Another UPDATE: use the nature style if you want to get the bibliography numbers.  It took some testing to get that part to work.  For some reason some of the styles display none of the entries at all, while others are not well suited for this type of bibliography, harvard1 style display "Anon" as the first part of almost every record, because that field is empty in my web references (must be the author field) .

You can now see my Ransomware library, in real-time since it syncs with my desktop library, at http://thomaszuckerscharff.com/ransomware-citation-library-from-zotero/ (the bibliography is approaching 300 entries as of 1/5/2016 - to me this is outright scary - too much about ransomware!).
 
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by:käµfm³d 👽
Why is this an article?
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by:Thomas Zucker-Scharff
Why not? The information would have been handy and would have saved me a lot of time had this been published by someone else.  That defines the need for me.  

The formula  is always rather simple,  if I think it will save someone else time, because it saved me time,  then it is worth writing an article.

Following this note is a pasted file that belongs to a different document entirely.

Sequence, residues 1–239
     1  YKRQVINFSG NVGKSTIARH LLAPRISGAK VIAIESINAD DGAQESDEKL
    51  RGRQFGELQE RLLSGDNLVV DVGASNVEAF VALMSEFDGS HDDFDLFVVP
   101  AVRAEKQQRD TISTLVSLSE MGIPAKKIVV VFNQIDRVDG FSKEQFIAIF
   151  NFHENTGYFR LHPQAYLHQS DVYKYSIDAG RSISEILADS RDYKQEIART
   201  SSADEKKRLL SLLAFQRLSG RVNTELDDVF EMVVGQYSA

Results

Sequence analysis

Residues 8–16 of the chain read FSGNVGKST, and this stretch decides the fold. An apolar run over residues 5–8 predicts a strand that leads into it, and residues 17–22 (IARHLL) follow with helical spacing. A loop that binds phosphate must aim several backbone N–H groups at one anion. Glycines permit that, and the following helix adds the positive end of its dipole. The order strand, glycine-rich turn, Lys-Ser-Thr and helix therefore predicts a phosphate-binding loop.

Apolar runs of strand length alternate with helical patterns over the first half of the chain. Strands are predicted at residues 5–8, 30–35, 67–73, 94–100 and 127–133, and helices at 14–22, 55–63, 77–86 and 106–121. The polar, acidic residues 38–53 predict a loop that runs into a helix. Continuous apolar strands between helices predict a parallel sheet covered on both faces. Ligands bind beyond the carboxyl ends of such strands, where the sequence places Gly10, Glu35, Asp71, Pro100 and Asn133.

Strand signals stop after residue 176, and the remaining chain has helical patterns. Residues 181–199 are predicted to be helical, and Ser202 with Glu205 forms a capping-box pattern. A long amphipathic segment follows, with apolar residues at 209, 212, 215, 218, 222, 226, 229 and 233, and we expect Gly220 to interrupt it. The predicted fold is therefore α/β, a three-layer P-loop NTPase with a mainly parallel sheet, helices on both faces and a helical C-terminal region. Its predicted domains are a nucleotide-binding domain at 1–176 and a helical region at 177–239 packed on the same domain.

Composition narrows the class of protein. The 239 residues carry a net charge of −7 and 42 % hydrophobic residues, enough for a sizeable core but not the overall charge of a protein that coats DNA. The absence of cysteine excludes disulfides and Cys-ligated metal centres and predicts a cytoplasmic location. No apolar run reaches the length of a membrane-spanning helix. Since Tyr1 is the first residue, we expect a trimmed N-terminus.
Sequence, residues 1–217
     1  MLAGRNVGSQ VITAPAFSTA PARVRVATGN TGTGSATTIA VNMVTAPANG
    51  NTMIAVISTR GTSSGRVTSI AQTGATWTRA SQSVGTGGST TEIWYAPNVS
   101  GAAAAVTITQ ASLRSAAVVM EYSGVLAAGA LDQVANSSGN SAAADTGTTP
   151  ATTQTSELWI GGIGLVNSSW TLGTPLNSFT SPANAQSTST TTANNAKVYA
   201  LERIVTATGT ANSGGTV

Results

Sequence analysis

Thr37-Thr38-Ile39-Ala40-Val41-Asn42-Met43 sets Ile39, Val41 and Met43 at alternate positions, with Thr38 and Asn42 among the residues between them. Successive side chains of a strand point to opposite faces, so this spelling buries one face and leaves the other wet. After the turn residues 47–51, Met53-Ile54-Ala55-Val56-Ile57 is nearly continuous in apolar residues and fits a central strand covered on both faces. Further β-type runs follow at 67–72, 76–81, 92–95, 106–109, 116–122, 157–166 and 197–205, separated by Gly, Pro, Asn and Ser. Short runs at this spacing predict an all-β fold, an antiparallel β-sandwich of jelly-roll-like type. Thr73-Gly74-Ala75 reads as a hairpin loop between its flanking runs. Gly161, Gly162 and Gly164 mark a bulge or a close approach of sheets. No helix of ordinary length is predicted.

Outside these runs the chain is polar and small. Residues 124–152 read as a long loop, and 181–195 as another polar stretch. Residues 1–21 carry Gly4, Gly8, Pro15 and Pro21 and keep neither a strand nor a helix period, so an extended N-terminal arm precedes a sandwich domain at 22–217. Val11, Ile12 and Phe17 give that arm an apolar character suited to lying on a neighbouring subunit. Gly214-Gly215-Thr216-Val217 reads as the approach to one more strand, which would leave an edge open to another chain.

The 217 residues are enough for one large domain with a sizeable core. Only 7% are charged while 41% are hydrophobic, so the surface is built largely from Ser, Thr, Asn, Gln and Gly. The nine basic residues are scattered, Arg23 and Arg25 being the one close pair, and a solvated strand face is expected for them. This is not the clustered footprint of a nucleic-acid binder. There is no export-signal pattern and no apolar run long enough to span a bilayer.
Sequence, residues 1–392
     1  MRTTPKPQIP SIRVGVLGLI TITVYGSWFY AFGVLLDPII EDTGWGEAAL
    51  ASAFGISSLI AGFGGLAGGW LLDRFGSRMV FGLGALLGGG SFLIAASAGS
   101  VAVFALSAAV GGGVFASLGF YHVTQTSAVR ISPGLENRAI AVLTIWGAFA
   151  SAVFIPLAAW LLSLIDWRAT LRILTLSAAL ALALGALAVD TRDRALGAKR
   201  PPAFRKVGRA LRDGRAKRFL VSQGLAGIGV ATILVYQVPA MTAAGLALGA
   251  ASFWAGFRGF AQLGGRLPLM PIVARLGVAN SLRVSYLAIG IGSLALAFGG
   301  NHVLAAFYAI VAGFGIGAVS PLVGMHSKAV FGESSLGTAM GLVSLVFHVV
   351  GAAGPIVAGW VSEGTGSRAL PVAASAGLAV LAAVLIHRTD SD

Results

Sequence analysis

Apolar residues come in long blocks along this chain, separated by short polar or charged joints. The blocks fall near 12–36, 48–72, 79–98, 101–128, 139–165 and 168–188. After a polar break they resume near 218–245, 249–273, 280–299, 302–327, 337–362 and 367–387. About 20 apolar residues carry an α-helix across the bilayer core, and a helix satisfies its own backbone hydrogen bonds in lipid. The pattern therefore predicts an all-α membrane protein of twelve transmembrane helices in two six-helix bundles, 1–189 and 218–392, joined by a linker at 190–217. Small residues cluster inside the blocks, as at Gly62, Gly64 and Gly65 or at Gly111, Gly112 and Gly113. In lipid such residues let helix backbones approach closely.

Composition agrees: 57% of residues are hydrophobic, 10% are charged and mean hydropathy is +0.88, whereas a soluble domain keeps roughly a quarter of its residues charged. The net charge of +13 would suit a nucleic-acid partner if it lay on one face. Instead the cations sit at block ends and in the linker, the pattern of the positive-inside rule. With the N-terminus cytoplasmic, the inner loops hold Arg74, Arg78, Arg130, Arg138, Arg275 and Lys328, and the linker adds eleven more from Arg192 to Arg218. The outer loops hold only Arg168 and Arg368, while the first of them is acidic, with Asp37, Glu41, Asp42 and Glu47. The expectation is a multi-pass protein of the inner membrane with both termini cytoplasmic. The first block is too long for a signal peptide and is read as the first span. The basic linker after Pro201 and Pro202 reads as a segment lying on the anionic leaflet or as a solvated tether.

I have gone the route of only publishing/writing articles that have technical merit and where the object would not be able to be figured out without some expert guidance. These articles are needed,  but so are less technical articles in which no real expertise is needed.  The latter is like a YouTube video by an "expert" showing how to do a relatively easy task. It makes the task easier for the end user to understand. I find this is true quite often in training videos I make for the members of my institution.
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by:käµfm³d 👽
Why not?
Because it reads like a diary or blog entry. Articles, IMO, should be an effort to teach someone something new, not recount an anecdote. This would be better written as a, "If you encounter this, do this" type of approach. As it stands now, I don't feel like I've learned anything having read it.
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by:Thomas Zucker-Scharff
Sounds like you never tried to do this. If you had it would be more like either "I knew that, " or "Wow,  I didn't think of that! "  I was surprised how difficult this was. As I said in the article,  I have tried all sorts of reference managers,  and this was really the easiest way to get it done.

Either way,  I have found that for the average user, my formula works fairly well.
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by:William Nettmann
I learned something from the article|blog post|diary entry no matter how it is categorised or what you call it. I am not academically trained, and this may have just opened up a new world for (to?) me.

Thanks!
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by:Thomas Zucker-Scharff
William,

You are welcome. I wanted to somehow share my experience so that others could go right to the solution,  instead of having to plod through the same process.